Tropical storm Ida intensified as it swirled toward a strike on Cuba Friday, showing hallmarks of a rare, rapidly intensifying storm that could speed across warm Gulf waters and slam into Louisiana as a major hurricane on Sunday, the U.S. National Hurricane Center warned.
“The forecast track has it headed straight towards New Orleans. Not good,” said the National Oceanic and Atmospheric Administration’s Jim Kossin, a climate and hurricane scientist.
Ida posed a relatively low threat to tobacco-rich western Cuba, where forecasters predicted a glancing blow on Friday. The real danger begins over the Gulf, where forecasts were aligned in predicting Ida will strengthen very quickly into a major hurricane before landfall in the area of the Mississippi River delta late Sunday or early Monday, experts said.
“Ida certainly has the potential to be very bad,” said Brian McNoldy, a hurricane researcher at the University of Miami. “It will be moving quickly, so the trek across the Gulf from Cuba to Louisiana will only take 1.5 days.”
Friday morning, Ida’s maximum sustained winds swiftly rose from 75 km/h to 95 km/h as it moved away from Grand Cayman toward Cuba’s Isle of Youth at about 24 km/h. Tropical storm-force winds extended as far as 130 kilometres from the centre.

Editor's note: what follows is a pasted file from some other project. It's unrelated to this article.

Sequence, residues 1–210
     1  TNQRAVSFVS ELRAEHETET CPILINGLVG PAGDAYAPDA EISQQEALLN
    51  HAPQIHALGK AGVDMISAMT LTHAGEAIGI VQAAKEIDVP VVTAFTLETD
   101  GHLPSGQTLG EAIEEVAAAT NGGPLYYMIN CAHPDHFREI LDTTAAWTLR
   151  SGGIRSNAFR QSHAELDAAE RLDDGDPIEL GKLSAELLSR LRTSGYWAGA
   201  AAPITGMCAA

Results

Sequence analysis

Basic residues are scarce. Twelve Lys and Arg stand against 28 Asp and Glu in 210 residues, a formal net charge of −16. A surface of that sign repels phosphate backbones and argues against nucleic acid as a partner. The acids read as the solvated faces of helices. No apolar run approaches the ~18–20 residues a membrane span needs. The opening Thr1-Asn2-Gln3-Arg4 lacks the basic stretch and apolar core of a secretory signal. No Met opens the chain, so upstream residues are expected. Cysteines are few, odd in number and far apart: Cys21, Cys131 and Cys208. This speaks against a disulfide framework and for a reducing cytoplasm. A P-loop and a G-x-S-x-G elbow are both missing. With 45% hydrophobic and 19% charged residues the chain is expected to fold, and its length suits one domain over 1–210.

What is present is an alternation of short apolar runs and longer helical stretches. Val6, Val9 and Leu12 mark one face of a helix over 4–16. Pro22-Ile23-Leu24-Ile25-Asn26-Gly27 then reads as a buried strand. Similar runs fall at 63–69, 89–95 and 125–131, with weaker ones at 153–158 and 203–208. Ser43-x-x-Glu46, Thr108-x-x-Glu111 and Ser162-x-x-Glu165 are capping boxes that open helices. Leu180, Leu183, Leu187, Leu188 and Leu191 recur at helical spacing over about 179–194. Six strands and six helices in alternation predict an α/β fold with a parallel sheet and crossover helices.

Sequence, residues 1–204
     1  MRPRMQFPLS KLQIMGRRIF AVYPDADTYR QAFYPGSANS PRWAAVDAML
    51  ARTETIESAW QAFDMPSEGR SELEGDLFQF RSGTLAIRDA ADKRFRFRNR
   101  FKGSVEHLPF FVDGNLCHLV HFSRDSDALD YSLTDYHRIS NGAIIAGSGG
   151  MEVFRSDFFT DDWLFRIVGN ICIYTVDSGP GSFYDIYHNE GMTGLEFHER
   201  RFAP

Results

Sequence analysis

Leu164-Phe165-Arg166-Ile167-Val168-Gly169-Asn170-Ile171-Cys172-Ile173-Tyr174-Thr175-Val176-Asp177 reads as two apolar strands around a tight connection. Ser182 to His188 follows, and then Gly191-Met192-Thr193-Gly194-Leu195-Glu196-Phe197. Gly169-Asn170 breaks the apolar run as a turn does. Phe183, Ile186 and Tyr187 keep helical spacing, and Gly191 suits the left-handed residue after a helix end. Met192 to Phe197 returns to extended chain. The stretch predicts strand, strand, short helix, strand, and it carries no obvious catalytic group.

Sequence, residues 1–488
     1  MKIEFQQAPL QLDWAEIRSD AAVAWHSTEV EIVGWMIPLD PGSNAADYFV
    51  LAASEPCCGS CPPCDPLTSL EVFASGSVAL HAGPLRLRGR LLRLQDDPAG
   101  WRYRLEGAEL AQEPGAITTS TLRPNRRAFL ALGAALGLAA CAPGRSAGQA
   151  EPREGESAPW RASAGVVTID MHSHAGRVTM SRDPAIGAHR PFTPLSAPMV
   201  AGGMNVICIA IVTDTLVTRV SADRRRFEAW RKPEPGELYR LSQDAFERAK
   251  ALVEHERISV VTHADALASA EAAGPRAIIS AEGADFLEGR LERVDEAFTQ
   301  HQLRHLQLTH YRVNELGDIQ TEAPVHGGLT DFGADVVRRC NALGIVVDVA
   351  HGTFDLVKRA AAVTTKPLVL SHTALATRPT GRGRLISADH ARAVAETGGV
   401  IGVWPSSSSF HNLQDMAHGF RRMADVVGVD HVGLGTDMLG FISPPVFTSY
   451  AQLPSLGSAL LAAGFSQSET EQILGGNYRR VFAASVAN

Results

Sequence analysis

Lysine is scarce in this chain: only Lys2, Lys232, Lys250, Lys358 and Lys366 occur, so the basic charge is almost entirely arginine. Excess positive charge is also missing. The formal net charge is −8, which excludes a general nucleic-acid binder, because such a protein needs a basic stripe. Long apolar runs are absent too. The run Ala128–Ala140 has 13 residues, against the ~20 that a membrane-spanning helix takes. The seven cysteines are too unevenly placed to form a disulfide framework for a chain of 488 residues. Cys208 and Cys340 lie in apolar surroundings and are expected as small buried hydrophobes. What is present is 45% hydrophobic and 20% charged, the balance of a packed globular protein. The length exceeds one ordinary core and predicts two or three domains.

Hurricane watch posted
A hurricane watch was issued for New Orleans and a state of emergency declared for all of Louisiana.
“Unfortunately, all of Louisiana’s coastline is currently in the forecast cone for tropical storm Ida, which is strengthening and could come ashore in Louisiana as a major hurricane as Gulf conditions are conducive for rapid intensification,” said Gov. John Bel Edwards.
“By Saturday evening, everyone should be in the location where they intend to ride out the storm.”
A hurricane watch was in effect from Cameron, Louisiana, to the Mississippi-Alabama border — including Lake Pontchartrain, Lake Maurepas and metropolitan New Orleans.
Dangerous storm surge was also possible for the Gulf Coast. Depending on the tide as Ida approached the coast, 2.1 to 3.4 metres of storm surge was forecast from Morgan City, La., to Ocean Springs, Miss.
“There is an increasing risk of life-threatening storm surge, damaging hurricane-force winds and heavy rainfall Sunday and Monday, especially along the coast of Louisiana,” the hurricane centre said.
The mayor of Grand Isle, a Louisiana town on a narrow barrier island in the Gulf, said a voluntary evacuation late Thursday would become mandatory on Friday.
The storm was forecast to drop anywhere from 15 to 30 centimetres of rain over parts of Jamaica, Cuba and the Cayman Islands, with the potential for more in some isolated areas.
Forecasters warned of possible flash floods and mudslides and tidal storm surge of as much as 60 to 120 centimetres above normal, along with “large and destructive waves.”